Create custom vehicles for more aided mobility possibilities. Vehicles have configurable vertices and assistant attachment points to create unique shapes physical properties.

Occupant Sources

Dynamically add occupants to a model based on a predetermined flow rate table. This functionality allows models to have sources of new occupants entering throughout various times, to simulate the incoming traffic flow from entrances outside of the simulated area.

Occupant Sources


Pathfinder gives you the flexibility to evaluate evacuation options using elevators. Each elevator has a priority list of pickup floors and a discharge floor. People can move directly to the closest elevator or be directed to go to a refuge floor and wait until evacuated by elevator. Emergency responders can control selected elevators to carry them to desired locations.

A call to an elevator is initiated by a queue at the elevator door. Elevators can be grouped in banks to respond to calls.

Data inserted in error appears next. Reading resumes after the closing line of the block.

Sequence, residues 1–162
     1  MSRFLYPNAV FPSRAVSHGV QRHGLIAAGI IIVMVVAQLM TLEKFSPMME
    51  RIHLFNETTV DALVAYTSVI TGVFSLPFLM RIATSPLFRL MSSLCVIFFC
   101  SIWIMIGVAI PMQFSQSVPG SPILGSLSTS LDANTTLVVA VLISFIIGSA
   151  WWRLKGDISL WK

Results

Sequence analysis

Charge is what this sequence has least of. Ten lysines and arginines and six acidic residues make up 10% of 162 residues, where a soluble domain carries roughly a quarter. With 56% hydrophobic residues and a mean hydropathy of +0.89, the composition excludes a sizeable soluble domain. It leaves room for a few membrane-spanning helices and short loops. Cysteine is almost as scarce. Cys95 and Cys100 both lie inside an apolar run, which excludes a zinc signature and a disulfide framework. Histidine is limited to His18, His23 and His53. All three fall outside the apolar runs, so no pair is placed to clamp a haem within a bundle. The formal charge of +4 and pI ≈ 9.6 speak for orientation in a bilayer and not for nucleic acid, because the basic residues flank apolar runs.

Customizable Populations

Each person in the model acts as an agent with their own profile (such as size and walking speed) and their own behavior (such as exits, waits, and waypoints). Based on their characteristics, each person uses their local environment to make decisions on exit paths. For example, people can dynamically avoid long queues or respond to the closure of doors.

Multiple profiles can be created and assigned to different populations., which can even be dynamically switched based on behavior actions. Parameters in each profile can be described using constant, uniform, standard normal, or log normal distributions. For example, profiles representing children and adults can be created and then the population can be assigned to be 80% adult and 20% children. Similarly, multiple different behaviors can be created and assigned to populations. People may have different exit goals and may proceed to waypoints or wait before proceeding. These behaviors can be designed to change over time.


Fundamental Diagram Customization

By default, Pathfinder uses the fundamental diagram from SFPE to provide the user with a speed-density relationship that has wide acceptance and conservative estimations. However, there are other proposed fundamental diagrams. With the proper data points from a given diagram, a Pathfinder agent profile can be configured to model any speed-density curve.